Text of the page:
Feeling tense? A psychologist explains how the stress response works, and how to tame it.
Stress is a natural human experience that we all feel from time to time.1
But while small doses can sometimes be helpful, if the stress becomes greater than your ability to cope, it can impact your mental and physical health.1
We talked to psychologist Christine Bagley-Jones, director of Plenish Mind Health in Brisbane, for some expert advice.
In this article
What is stress and why does it happen?
Stress triggers a ‘fight or flight’ response in your body – where hormones such as cortisol and adrenaline are released to prepare you to respond quickly to a potential threat.1
“You can have a love-hate relationship with the stress response,” Bagley-Jones says.
“We need it for those occasions when we have to make a quick decision about the best ways to safeguard our wellbeing, whether it’s a physical or emotional risk.”
In those situations – whether you need to flee from a tiger or meet an important deadline at work – a quick burst of stress can give you the energy and drive you need to act.1
But if this happens too often, it can quickly leave you overwhelmed.
“The trick is to harness stress and use it for good, not evil,” Bagley-Jones says.
“You don’t want it firing off all the time so that it becomes your natural way of operating. That may place your body in a constant state of threat and duress.”
Stress and your health
You may notice that after a big burst of stress you feel quite tired, Bagley-Jones says.
When stress hormones are released, your body kicks into high gear, and your heart rate, breathing and blood pressure can all increase.2
“If you’re experiencing stress all the time, it can create anxiety, fluctuations in mood and low energy levels,” she says.
“And over time, cortisol levels that are too high for too long can lead to health problems.”
How to manage stress
“It's important to manage stress levels,” Bagley-Jones says.
“Luckily, there are lots of strategies you can try to get this tricky little beast under control.”
A few ideas she suggests that may help include:
- Exercise. Moving can be a great way to reduce stress and boost your mood and energy levels.
- Meditation or relaxation exercises. Deep breathing, meditation and mindfulness can help relax your mind and body, supporting your mental wellbeing. Yoga can also be an enjoyable way to unwind.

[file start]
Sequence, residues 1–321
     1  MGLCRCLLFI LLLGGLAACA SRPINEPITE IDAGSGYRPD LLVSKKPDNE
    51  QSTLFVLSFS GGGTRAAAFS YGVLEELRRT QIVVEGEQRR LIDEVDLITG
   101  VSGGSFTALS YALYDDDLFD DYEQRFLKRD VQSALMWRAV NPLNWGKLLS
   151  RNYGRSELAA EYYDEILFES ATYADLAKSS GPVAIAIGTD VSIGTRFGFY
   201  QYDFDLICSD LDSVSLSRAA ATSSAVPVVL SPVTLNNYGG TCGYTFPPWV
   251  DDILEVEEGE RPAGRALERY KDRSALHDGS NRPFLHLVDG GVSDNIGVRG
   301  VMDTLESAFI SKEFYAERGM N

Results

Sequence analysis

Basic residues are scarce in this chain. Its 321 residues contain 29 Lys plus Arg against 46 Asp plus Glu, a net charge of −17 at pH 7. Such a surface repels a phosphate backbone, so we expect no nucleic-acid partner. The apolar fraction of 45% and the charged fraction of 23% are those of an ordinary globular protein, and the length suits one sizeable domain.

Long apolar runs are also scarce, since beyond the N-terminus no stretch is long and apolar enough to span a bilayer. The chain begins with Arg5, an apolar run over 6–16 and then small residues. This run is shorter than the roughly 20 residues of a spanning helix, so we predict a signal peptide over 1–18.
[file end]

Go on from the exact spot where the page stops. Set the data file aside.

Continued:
- Make time for things you enjoy. Balance is important – allow yourself time to relax and engage in things that make you feel good, whether it’s reading, listening to music, doing a craft or catching up with friends.
- Get a good night’s sleep. If you have trouble getting to sleep, ensure your bedroom is cool, dark and quiet, avoid caffeine late in the day, and try relaxing activities to unwind before bed.
- Identify causes of tension and worry. If there are situations that are contributing to your stress – like relationship conflicts or being overwhelmed at work – consider if there are any changes you can make. A counsellor or psychologist can help you work through this.3
- Learn coping strategies. A psychologist can teach you tools and strategies to help you cope with stressful life challenges and symptoms of mental illness.4
- Eat healthy food. It’s important to nourish your body with a nutritious, balanced diet to help support your physical and mental wellbeing.
- Talk to someone you trust. Whether it’s a friend, a family member or a health professional, simply talking to someone can help you feel more supported as well as getting troubling thoughts off your chest.
Where to get help
If stress is impacting your wellbeing, a good place to start is seeing your GP. They may be able to help support you and can refer you to other health professionals as needed.
How can health insurance help?
HBF extras cover can give you benefits towards a few services that may help with managing stress:
- Psychology. A psychologist can help teach you strategies for managing stress and improving your mental health and wellbeing.
- Natural therapies. Some people find natural therapies such as acupuncture or remedial massage helpful for supporting their wellbeing.
If you’re an HBF member, you can check what you're covered for by logging on to myHBF or calling us on 133 423.
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This article contains general information only and does not take into account the health, personal situation or needs of any person. In conjunction with your GP or treating health care professional, please consider whether the information is suitable for you and your personal circumstances.